(FOX 11 / CNS) Mayor Eric Garcetti said tonight he will direct all city departments to defer enforcement of a recently adopted ordinance allowing faster dismantlement of homeless encampments until the City Council can amend it.
"I strongly support the enactment of laws that enable the city to ensure that its public areas are clean and safe," Garcetti said. "However,
the city must balance the need to maintain its sidewalks with the rights of the people who have no other choice but to live on them. In my view, the ordinance passed by the City Council to revise Los Angeles Municipal Code Section 56.11 does not adequately achieve the proper balance.
"At the time of passage, the City Council asked the Ad Hoc Committee on Homelessness to consider amendments that would enable smarter law
enforcement, more compassionate treatment of homeless Angelenos, and strengthen the city's ability to withstand legal challenge. To date, neither the Committee nor the full Council has had an opportunity to consider and vote on amendments to accomplish those purposes.
"Accordingly, I am returning the ordinance without signature to council. While it will become law, I will direct all city departments to defer
enforcement of the ordinance until the committee and City Council consider the pending amendments and adopt changes to the ordinance. In the interim, all city departments shall continue to use existing citywide protocols for the removal of personal property."
The ordinance approved by the City Council last Tuesday shortened the noticing period before removing personal items from parks and sidewalks from 72
hours to 24 hours. No notice will be needed for the removal of bulky items from sidewalks and parks.
The city would be required to store any non-bulky belongings for 90 days. If the items are not claimed, the property may be discarded. The ordinance was adopted as city officials worked to reach a settlement in a lawsuit filed against the city by several homeless people. The case led to an injunction preventing the city from removing the belongings of the homeless.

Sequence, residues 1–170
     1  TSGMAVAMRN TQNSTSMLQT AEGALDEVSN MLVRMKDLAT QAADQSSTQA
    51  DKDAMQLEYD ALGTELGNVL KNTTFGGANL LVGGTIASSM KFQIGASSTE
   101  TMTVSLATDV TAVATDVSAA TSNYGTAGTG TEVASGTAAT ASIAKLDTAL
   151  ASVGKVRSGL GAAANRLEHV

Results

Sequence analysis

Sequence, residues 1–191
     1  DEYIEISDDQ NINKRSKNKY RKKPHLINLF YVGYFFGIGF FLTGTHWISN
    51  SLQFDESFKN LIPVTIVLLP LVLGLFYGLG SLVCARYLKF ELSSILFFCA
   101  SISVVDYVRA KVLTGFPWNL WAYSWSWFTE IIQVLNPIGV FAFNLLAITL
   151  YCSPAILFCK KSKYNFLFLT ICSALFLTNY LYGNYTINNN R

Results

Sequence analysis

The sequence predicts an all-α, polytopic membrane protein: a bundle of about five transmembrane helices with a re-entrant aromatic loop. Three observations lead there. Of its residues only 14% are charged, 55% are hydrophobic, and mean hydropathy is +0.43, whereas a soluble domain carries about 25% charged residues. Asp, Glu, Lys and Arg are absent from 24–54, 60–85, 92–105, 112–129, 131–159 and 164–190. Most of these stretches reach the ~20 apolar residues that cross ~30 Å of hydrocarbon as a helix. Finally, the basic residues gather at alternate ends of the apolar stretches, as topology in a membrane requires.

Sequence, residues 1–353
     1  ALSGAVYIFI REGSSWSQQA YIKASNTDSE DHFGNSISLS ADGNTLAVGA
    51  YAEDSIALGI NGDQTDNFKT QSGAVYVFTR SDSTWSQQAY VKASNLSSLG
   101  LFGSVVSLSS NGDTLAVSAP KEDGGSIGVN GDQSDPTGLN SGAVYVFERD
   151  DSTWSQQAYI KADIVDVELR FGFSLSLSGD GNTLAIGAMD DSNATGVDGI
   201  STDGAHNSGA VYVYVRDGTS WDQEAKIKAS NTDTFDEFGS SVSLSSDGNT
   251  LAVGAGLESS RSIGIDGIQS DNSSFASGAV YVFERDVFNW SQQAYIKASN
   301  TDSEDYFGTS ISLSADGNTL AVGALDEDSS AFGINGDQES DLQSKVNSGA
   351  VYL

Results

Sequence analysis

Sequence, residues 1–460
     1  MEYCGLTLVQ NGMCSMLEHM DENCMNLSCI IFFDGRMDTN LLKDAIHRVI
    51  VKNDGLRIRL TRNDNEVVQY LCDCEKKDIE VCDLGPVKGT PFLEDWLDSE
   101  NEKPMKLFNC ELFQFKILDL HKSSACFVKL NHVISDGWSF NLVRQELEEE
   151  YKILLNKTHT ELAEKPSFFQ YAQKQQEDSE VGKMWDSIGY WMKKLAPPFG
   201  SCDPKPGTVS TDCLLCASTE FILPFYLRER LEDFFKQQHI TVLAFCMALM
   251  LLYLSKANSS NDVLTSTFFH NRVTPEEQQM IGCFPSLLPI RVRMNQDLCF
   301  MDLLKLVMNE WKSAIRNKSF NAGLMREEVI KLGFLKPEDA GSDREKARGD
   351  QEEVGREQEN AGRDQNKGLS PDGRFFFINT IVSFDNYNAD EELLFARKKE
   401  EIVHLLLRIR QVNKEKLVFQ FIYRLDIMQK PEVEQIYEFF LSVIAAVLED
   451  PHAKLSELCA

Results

During the debate over the ordinance, Councilman Jose Huizar acknowledged there were flaws in it, but said the city has "court requirements, settlement discussions that are happening, so we have to move forward with something."
The ordinance would allow officials to remove personal items that remain at city parks -- including beaches -- past closing time and when there is
already a sign at the park stating that leaving behind items is prohibited. If there is no sign, the city would need to give 24 hours notice before
items are removed.
The ordinance also banned tents on sidewalks from 6 a.m. to 9 p.m. but allows the homeless to set up tents to use as shelter at night. If the city does not have enough space to store the items left on sidewalks, officials would not be allowed to remove them, city attorneys said.
Any item that is a health or safety risk -- such as something that could spread disease, contains vermin, or is a dangerous weapon -- would be
discarded without any advance notice. Items considered contraband or evidence of a crime could also be removed by the city without notice.